"It's not that such samples don't exist in the eastern delta. There's probably loads of sites," said Törnqvist. "It's a logistical problem. Most of the areas we work in are surrounded by swamps," he explains. "They're just impossible to get into." The western delta study sites are more accessible.

Not that Törnqvist minds a bit of mud on his work boots. "Swamps are beautiful. I love to get into them," he said, "… when I'm in a boat."


Story Source:

The above story is based on materials provided by University Of Illinois At Chicago. Note: Materials may be edited for content and length.


Cite This Page:

University Of Illinois At Chicago. "Sea Level History Locked In Mississippi Mud." ScienceDaily. ScienceDaily, 27 December 2002. <www.sciencedaily.com/releases/2002/12/021227071704.htm>.
University Of Illinois At Chicago. (2002, December 27). Sea Level History Locked In Mississippi Mud. ScienceDaily. Retrieved November 27, 2014 from www.sciencedaily.com/releases/2002/12/021227071704.htm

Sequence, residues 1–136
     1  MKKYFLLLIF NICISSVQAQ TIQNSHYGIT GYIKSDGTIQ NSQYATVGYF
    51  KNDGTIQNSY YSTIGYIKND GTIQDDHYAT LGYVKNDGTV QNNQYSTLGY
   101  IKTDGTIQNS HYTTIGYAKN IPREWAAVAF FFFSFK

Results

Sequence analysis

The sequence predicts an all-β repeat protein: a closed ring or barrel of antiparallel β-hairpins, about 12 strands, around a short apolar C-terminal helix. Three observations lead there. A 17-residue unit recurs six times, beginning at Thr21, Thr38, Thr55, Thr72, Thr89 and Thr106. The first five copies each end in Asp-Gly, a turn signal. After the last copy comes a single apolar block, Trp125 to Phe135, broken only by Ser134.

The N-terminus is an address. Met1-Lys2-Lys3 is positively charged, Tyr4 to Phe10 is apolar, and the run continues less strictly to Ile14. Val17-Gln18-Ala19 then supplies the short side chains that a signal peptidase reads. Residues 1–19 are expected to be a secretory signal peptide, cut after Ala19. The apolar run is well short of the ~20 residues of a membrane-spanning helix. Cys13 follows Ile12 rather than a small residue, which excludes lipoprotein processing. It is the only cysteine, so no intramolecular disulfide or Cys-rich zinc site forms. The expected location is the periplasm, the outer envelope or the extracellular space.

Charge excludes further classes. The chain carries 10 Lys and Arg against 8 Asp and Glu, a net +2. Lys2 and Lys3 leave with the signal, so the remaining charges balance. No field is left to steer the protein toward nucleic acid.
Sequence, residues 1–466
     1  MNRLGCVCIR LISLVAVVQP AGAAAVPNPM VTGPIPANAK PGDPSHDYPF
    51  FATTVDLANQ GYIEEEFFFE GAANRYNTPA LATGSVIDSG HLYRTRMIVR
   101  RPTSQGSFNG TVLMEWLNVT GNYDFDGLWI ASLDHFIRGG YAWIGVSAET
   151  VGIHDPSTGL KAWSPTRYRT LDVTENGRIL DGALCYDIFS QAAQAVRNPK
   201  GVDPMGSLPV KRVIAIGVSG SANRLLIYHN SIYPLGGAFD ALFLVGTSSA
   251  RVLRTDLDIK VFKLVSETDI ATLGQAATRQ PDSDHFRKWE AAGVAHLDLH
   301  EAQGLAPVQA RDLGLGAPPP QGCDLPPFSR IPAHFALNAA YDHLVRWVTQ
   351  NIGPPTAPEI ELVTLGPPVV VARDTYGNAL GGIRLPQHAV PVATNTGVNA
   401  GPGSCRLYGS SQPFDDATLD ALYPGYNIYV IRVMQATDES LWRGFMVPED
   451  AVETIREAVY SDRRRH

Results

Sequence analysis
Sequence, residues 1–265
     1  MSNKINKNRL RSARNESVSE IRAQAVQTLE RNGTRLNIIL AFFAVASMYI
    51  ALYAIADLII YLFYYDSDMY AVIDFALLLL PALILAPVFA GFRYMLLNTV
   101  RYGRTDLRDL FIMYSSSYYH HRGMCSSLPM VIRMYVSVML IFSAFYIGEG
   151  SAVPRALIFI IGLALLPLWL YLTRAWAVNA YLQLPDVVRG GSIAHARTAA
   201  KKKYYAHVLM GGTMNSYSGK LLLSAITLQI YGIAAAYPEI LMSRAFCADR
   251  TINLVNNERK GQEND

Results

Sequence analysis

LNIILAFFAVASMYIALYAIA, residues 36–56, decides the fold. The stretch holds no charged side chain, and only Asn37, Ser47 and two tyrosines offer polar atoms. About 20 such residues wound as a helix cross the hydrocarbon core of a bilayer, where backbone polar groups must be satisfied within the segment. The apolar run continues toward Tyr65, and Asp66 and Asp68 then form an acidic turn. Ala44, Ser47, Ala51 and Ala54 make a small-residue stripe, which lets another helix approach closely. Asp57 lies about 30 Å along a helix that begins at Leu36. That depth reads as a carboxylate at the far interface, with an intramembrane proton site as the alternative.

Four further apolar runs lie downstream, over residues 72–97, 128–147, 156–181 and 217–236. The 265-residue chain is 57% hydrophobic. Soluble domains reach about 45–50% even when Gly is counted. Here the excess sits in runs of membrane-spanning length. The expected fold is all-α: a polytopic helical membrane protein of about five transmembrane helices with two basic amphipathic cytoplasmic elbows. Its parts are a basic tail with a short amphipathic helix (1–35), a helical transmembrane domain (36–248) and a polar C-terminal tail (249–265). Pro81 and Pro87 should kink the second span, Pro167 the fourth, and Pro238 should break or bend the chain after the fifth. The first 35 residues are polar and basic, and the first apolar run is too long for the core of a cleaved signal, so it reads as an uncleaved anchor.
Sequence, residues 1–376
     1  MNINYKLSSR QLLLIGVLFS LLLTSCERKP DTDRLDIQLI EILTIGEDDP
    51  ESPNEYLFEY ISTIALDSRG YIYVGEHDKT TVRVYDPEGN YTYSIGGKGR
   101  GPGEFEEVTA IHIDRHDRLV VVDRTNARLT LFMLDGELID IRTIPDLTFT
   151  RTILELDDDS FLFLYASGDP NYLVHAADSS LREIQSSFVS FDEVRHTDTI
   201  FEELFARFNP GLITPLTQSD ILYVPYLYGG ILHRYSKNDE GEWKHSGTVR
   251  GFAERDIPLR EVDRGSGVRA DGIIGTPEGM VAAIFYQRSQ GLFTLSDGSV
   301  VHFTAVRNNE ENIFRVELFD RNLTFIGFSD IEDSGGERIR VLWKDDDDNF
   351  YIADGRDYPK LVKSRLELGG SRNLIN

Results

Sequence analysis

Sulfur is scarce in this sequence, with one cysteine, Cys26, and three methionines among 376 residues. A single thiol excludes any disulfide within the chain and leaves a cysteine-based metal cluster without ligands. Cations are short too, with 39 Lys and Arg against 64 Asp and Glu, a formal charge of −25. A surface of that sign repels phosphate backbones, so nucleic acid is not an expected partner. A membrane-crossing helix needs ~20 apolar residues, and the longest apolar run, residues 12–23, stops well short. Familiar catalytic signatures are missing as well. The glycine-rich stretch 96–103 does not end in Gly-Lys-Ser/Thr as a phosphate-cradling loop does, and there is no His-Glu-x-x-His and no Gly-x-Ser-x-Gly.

University Of Illinois At Chicago. "Sea Level History Locked In Mississippi Mud." ScienceDaily. www.sciencedaily.com/releases/2002/12/021227071704.htm (accessed November 27, 2014).

Share This


More From ScienceDaily



More Earth & Climate News

Thursday, November 27, 2014

Featured Research

from universities, journals, and other organizations


Featured Videos

from AP, Reuters, AFP, and other news services

Bolivian Recycling Initiative Turns Plastic Waste Into School Furniture

Bolivian Recycling Initiative Turns Plastic Waste Into School Furniture

Reuters - Innovations Video Online (Nov. 26, 2014) — Innovative recycling project in La Paz separates city waste and converts plastic garbage into school furniture made from 'plastiwood'. Tara Cleary reports. Video provided by Reuters
Powered by NewsLook.com
Blu-Ray Discs Getting Second Run As Solar Panels

Blu-Ray Discs Getting Second Run As Solar Panels

Newsy (Nov. 26, 2014) — Researchers at Northwestern University are repurposing Blu-ray movies for better solar panel technology thanks to the discs' internal structures. Video provided by Newsy